Thursday, May 29, 2008


"Mr. Solana proposed two different dates for his visit to Tehran that I am considering...I think he will pay a visit to Tehran soon....

"Solana has given us a message that he wants to travel to Iran to deliver the package and we have agreed to the principle of the visit".

Persian Foreign Minister Manouchehr Mottaki quoted on 29 May, by Agence France-Presse in

The timing of the EU's diplomatic dogsbody & foreign minister manque, Javier Solana, could not be better or more interesting: on the one hand, the regime in Teheran must by definition feel that recent events in the region have played into its hands to a degree: a) the tactical and political victory by Hezbollah in the latest round of Lebanese infighting; b) the survival and indeed more than survival of the Hamas government in the Gaza Strip. Notwithstanding Israeli efforts to sabotage and indeed destroy it. On the other hand, the fact that its closest regional ally, Syria has decided to open talks with its (and Persia's) arch enemy Israel, must be worrying to the regime in Persia. Especially since it is quite clear that separating the two powers is one of the Israeli pre-conditions for the success of the talks. In addition, notwithstanding the fact that the high price of oil should be all reason give a marvelous fillip to the Persian economy, the Beirut Daily Star tells us today that due to sanctions imposed by the USA and its allies on the UN Security Council, the population of Persia can expect power cuts this summer. Another headline from Persia notes that six Revolutionary Guards were killed in fighting with Kurdish rebels. A reminder for those ignorant of the fact that only half of the population of the Persian, are in fact 'Persian' language speakers. The rest belonging to other groupings like the Kurds for example (for both headlines, see:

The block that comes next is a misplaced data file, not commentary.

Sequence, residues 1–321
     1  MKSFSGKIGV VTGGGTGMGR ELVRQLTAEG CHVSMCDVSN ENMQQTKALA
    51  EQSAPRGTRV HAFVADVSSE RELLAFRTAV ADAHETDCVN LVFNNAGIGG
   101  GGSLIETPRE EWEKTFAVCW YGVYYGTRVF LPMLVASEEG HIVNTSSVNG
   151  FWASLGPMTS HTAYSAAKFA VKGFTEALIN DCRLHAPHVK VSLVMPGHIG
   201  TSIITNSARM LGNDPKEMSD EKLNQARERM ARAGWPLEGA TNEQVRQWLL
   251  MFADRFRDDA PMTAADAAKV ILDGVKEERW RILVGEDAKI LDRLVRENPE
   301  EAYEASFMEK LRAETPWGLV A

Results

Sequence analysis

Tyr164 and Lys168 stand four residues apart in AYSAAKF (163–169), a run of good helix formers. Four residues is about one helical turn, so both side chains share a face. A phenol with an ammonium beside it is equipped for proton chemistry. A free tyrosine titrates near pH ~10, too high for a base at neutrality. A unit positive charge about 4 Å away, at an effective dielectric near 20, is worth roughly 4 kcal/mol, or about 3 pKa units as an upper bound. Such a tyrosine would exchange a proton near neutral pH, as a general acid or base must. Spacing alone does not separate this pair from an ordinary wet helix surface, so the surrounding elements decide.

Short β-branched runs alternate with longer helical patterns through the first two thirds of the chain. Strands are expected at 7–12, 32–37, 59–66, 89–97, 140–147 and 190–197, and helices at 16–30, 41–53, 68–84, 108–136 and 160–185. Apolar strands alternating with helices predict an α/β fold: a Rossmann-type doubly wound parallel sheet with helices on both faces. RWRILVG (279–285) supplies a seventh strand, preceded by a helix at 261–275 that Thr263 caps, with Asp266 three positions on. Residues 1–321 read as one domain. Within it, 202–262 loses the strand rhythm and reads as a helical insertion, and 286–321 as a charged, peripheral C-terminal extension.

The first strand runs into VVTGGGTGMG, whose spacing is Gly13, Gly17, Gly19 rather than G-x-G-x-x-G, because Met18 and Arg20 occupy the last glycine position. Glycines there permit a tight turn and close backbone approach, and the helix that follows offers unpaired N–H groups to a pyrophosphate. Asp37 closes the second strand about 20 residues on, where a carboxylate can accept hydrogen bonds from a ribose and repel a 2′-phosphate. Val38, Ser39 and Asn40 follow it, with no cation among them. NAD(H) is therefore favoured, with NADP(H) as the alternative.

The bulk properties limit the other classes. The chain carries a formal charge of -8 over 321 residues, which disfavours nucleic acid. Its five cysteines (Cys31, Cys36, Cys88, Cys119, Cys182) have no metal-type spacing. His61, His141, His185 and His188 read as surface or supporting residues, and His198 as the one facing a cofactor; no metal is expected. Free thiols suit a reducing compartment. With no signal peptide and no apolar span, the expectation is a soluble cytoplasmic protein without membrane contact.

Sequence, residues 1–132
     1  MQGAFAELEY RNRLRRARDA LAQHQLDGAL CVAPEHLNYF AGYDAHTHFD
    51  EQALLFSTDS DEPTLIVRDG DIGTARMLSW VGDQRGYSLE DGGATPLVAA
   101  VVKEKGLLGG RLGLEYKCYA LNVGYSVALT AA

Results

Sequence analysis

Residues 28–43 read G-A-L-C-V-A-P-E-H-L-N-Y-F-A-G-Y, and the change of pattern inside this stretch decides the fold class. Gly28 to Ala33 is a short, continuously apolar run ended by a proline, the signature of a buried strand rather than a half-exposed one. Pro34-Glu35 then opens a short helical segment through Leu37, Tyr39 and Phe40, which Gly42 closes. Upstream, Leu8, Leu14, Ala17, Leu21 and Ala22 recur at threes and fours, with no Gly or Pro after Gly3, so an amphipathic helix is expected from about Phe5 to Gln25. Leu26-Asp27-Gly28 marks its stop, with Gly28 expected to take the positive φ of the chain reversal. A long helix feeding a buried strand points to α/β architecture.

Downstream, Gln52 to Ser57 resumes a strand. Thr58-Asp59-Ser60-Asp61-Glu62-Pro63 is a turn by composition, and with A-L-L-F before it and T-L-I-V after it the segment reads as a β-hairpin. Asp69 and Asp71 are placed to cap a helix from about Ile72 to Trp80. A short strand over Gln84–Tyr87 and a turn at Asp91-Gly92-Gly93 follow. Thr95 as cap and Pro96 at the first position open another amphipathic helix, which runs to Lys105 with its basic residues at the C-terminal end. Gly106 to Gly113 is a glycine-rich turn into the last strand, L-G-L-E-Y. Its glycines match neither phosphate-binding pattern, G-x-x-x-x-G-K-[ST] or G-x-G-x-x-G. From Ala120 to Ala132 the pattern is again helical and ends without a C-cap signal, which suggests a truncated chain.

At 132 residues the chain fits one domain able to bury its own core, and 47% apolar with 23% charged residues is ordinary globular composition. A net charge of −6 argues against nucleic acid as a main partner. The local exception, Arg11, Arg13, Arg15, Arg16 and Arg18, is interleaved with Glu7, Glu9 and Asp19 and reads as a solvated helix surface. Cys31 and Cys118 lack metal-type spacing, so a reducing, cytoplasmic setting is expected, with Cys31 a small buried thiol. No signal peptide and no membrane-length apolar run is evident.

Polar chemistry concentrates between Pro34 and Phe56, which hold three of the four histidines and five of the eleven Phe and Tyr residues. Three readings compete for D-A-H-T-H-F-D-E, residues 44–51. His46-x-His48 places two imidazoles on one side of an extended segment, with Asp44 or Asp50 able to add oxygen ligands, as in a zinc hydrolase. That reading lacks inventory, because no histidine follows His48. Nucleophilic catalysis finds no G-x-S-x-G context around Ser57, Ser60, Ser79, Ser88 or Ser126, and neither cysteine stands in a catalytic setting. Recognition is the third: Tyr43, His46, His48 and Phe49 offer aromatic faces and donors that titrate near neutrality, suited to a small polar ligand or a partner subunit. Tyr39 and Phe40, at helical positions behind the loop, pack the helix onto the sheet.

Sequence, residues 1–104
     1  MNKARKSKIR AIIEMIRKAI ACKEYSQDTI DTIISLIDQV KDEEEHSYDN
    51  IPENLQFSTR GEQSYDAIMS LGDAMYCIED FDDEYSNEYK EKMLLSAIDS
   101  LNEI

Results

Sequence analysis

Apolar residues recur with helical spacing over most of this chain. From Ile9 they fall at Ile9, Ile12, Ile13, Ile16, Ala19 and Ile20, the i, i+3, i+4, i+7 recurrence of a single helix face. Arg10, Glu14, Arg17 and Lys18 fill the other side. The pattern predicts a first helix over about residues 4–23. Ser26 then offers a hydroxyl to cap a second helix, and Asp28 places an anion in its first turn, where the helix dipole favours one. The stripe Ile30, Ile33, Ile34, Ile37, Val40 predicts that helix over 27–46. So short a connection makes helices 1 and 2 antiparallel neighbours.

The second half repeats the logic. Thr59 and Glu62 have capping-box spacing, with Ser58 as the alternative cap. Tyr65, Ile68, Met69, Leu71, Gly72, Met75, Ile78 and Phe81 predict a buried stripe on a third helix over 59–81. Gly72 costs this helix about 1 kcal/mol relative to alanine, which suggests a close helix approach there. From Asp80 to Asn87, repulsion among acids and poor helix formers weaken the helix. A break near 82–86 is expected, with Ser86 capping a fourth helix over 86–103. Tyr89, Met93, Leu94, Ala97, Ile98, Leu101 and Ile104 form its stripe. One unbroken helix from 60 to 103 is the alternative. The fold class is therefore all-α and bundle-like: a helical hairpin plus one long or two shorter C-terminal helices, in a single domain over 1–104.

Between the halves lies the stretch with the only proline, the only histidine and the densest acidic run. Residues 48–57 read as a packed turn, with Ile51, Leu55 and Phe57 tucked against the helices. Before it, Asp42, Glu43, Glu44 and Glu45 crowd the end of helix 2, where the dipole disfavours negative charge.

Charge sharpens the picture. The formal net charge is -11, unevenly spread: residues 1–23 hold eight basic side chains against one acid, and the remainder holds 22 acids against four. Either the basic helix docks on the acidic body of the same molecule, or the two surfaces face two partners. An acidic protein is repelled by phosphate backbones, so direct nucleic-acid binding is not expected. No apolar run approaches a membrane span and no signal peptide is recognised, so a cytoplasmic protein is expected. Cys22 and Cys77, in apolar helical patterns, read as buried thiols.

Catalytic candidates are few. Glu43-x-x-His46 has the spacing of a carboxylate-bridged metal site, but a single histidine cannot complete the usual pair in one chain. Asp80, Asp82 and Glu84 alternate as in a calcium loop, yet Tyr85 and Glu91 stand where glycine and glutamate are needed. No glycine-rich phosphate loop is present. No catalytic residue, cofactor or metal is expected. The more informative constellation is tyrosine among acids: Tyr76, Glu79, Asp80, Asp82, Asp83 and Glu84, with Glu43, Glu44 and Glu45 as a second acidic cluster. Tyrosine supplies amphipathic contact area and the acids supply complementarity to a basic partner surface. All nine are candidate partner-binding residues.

The long and the short of it is, that with things carefully balanced for the Persian regime, with both negative and positive elements, it could very well be that the authorities in Teheran will be open to a 'grand compromise', with the USA and its allies. Of course the USA will not agree to anything at this stage, but, it could very well be the case that the Bush regime, faute de mieux, will agree to accept any plausible agreement that Solana is able to cobble together at this stage on the nuclear issue. As David Albright's Institute for Science and International Security, latest report shows, there has been considerable progress in Teheran's quest for nuclear power ( So the issue becomes, contra to those like ex-American Ambassador to the United Nations, John Bolton and his ilk, of not, 'appeasement' or Persian disarmament, and then hopefully 'regime change', in Teheran. Rather as a realistic and feasible proposition, something which any analyst of the region worth his salt will recognize immediately, negotiating some type of modus viviendi with the regime of Mullah's, and, by that means defuse the issue of Persian possession of nuclear weapons in the future. In return for which, by definition the West will indeed need to both forswear any idea of 'regime change', in Persia in the future (at least any which can be said to have been fostered by Western, outside assistance), and, to agree to recognize de facto, if not necessarily de jure, Persia's valid security interests in the region. Which of course, contrary to our neo-conservative ideologues, does not necessarily mean giving carte blanche to the Persians, but, simply an accommodation to regional realities. It is probably the case that we (meaning the West) are not yet ready for this type of grand compromise, but, hopefully in the future, either near or not so far, we will be. One can only hope so. Not that I for one, have any more sympathy for the regime of Mullah's than Ambassador Bolton does. I am one with him in hoping that the current regime in Teheran collapses completely. I am just of the opinion that based upon all the available evidence and logic available, that this hoped for utopia will not in fact occur anytime soon. Tant pis mais c'est la force de la chose. And, diplomacy means if nothing else accommodating oneself, even if only temporarily to inconvenient facts. A lesson which zealots like Ambassador Bolton, Mr. Elliott Abrams, et cetera, et cetera, appear to have failed yet to learn. Hopefully they will do so before it is too late. Based upon all the evidence, there is absolutely nothing to be gained for the West by waiting upon events in this matter.


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